mysql -u magento -p magentodb

If you can log in using the details you set then the new database and user are working correctly.

The next job is to download, unpack and prepare Magento archive.

Step 4A – Installing Magento with Composer (2GB RAM Required)

If your system has less than 2GB of RAM skip this section and use the archive-based install in Step 4B.

Composer is a dependency manager for PHP that Magento uses to download all the components for Magento. Change to magentos home directory and install composer by following the instructions in the first code box here.

When you have finished those instructions you will be left with a file called composer.phar in the directory where you ran the commands. Make this a system command by moving it to a directory on the system path:

$ sudo mv composer.phar /usr/local/bin/composer

Now that composer is installed we can use it to download Magento with composer. First, move to the Magento root directory:

cd /var/www/magento

And run the following command:

composer create-project --repository=https://repo.magento.com/ magento/project-community-edition /var/www/magento/

You will be prompted for a username and password. You will need to enter:

Username = Public Key
Password = Private Key

The keys are the ones that you copied from your Magento marketplace account.

When the update finishes run the following commands to set the correct ownerships and permissions on the downloaded files and directories:

cd /var/www/magento
find var generated vendor pub/static pub/media app/etc -type f -exec chmod g+w {} +
find var generated vendor pub/static pub/media app/etc -type d -exec chmod g+ws {} +
chown -R magento:apache /var/www/magento/
chmod u+x bin/magento

Magento is now downloaded and ready to get served after Apache is configured.

Step 4B – Installing Magento from an archive

Here we will install Magento from an archive downloaded from the Magento website. This install method will work happily on systems with much less than 2GB of RAM.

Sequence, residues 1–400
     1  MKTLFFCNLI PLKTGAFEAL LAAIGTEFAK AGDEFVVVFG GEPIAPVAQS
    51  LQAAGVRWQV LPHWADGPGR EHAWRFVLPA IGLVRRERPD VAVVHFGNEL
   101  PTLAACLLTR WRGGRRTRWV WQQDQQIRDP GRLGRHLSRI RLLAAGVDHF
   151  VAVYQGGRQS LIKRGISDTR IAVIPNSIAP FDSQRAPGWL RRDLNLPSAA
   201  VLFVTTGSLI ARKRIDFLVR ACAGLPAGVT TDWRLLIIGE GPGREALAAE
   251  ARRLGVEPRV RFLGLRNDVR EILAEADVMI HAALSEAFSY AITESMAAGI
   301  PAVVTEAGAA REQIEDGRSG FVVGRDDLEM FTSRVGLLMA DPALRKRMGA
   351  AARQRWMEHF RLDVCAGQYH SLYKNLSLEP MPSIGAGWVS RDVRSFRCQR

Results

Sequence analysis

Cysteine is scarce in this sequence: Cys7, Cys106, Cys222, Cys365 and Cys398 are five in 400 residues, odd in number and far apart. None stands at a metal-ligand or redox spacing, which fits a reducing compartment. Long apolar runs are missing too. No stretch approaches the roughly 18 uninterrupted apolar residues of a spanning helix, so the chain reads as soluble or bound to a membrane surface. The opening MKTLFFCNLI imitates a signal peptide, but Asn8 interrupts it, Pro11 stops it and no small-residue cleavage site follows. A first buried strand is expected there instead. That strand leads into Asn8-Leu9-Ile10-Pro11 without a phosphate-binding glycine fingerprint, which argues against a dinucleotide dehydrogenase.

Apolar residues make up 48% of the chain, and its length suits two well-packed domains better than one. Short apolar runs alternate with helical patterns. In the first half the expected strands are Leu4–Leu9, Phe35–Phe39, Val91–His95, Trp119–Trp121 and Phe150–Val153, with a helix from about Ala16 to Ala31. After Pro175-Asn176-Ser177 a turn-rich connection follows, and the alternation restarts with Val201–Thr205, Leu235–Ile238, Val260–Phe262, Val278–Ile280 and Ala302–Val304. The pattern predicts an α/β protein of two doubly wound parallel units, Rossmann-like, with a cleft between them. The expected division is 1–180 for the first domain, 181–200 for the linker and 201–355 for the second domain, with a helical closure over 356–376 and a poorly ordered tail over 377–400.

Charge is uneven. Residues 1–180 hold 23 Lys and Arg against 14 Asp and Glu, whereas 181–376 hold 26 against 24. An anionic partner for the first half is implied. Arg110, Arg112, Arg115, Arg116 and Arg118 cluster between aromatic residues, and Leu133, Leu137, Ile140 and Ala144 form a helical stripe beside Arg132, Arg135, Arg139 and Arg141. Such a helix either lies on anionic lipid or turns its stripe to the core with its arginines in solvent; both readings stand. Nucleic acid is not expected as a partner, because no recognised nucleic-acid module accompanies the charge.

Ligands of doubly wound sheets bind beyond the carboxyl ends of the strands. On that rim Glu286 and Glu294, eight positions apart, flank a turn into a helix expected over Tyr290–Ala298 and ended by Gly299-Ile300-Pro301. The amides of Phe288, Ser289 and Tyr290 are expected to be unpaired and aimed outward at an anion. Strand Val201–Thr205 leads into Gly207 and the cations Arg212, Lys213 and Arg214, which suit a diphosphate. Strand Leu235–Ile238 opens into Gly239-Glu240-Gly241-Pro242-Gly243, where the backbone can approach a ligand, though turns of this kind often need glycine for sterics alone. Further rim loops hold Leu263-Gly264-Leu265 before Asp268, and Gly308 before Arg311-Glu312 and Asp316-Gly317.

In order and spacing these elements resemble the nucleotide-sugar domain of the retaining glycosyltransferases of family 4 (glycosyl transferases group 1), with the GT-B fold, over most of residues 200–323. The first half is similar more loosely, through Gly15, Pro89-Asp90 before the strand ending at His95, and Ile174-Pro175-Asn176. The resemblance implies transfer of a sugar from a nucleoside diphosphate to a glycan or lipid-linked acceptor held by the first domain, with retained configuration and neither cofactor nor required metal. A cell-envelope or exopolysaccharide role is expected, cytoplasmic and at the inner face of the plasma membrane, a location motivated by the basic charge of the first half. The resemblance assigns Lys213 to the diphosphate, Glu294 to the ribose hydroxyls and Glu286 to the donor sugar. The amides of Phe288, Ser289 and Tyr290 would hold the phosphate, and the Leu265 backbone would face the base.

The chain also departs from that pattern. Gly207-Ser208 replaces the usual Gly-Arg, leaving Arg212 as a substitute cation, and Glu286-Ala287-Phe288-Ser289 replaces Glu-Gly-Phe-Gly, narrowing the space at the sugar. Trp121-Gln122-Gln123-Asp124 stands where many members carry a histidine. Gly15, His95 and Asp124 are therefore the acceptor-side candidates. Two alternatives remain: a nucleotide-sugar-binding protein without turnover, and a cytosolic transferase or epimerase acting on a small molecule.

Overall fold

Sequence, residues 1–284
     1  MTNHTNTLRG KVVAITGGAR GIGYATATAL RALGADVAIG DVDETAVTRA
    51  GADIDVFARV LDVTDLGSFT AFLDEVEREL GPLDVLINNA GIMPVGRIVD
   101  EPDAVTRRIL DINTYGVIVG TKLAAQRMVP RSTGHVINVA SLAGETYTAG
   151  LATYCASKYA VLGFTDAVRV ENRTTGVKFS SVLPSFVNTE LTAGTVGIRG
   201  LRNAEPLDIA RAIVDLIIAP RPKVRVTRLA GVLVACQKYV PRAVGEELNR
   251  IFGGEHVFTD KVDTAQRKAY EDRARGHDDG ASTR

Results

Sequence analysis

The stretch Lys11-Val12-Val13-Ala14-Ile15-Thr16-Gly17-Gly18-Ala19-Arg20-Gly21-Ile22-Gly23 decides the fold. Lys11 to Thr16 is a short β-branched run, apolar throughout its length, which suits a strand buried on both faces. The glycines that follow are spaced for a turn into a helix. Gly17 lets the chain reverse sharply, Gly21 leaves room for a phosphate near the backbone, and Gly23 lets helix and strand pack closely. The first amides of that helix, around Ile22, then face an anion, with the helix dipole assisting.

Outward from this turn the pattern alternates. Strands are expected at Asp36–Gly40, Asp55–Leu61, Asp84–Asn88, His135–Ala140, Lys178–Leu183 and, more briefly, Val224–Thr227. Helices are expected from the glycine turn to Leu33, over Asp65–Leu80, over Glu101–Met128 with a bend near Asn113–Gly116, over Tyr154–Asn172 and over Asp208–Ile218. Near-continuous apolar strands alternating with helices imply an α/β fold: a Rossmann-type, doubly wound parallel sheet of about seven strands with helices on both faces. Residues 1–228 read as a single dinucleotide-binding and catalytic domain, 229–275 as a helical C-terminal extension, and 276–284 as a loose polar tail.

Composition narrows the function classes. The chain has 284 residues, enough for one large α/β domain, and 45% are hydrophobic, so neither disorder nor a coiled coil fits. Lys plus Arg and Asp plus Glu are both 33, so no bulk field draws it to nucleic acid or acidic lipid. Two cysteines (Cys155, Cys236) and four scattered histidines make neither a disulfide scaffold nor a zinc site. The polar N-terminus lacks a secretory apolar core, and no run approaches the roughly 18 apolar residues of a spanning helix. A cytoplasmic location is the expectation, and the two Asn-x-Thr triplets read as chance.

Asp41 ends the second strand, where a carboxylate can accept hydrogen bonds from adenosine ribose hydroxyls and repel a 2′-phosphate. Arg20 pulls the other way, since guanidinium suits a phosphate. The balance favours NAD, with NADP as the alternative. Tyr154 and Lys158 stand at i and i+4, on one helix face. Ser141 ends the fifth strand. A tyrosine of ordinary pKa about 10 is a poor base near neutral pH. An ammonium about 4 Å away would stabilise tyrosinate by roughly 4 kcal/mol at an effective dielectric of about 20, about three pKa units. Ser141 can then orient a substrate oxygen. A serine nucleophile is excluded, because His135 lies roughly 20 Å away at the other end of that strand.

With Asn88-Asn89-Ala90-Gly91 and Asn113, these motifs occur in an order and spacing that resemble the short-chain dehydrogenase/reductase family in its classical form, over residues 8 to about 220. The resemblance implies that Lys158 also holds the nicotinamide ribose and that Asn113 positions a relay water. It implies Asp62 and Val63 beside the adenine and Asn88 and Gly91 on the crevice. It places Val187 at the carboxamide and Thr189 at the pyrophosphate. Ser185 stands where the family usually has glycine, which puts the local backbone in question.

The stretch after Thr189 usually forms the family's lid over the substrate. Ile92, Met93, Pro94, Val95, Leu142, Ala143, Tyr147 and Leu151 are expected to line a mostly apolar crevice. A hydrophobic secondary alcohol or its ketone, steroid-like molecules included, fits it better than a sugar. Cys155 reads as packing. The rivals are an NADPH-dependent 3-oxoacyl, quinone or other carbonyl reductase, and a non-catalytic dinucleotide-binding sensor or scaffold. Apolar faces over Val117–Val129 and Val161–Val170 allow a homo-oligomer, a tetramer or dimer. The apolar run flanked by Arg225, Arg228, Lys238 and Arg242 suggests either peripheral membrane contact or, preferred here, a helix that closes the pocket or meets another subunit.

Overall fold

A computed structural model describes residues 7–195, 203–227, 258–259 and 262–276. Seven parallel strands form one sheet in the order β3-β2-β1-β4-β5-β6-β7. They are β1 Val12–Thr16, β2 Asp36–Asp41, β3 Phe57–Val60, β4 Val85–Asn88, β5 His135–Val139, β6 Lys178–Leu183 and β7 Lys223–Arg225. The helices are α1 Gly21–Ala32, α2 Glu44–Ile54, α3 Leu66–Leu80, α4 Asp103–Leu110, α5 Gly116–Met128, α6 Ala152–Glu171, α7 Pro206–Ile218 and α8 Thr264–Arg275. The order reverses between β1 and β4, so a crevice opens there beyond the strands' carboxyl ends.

The archive containing Magento is downloaded from this page:

https://magento.com/tech-resources/download

You should select version 2.3.x without sample data. We will use the .tar.gz version as this is the most widely supported compression format. The tar.gz archive is shown here (although an older version number):

You must create an account to download the file. Once you have downloaded the file you will need to upload it to your server.

After you have uploaded the archive to your server you need to log back into your server and unpack the Magento archive to /var/www/magento:

$ tar -vxf /path/to/Magento-archive.tar.gz --directory /var/www/magento

You can now delete the Magneto archive if you want to.

Next, we will set recommended ownerships and permissions. The following commands must be run from the installation directory, i.e. /var/www/magento, so the first command will move you to that directory:

cd /var/www/magento
find var generated vendor pub/static pub/media app/etc -type f -exec chmod g+w {} +
find var generated vendor pub/static pub/media app/etc -type d -exec chmod g+ws {} +
chown -R magento:apache /var/www/magento
chmod u+x bin/magento

We will finish installing Magento from an installation page accessed by a browser after Apache is configured.

Step – 5 Configuring Apache

We need to configure Apache for HTTP so that we can use it to install the SSL certificate in the next step.The application that we will use in the next step will create the HTTPS configuration automatically.

First, change into the sites-available directory under Apache’s configuration directory:

cd /etc/apache2/sites-available/

Then use your preferred text editor to create and open a new VirtualHost file. Here we will use nano and the file will be called example.com.conf:

$ sudo nano example.com.conf

We will use the following VirtualHost template:

<VirtualHost *:80>
        ServerName <STORE HOSTNAME>
        DocumentRoot /var/www/magento
        ErrorLog ${APACHE_LOG_DIR}/magento_error.log
        CustomLog ${APACHE_LOG_DIR}/magento_access.log combined

        <Directory /var/www/magento >
                Options FollowSymLinks
                AllowOverride All
        </Directory>

</VirtualHost>

Copy and paste this into the VirtualHost file. The only change that you will need to make is to change <STORE HOSTNAME> to the name of your web store.

Then, enable the new site with the following command:

$ sudo a2ensite example.com

You must change this example to match the name of the VirtualHost file you created. Simply use the file name without the “.conf” to enable it e.g. my-domain.com.conf becomes: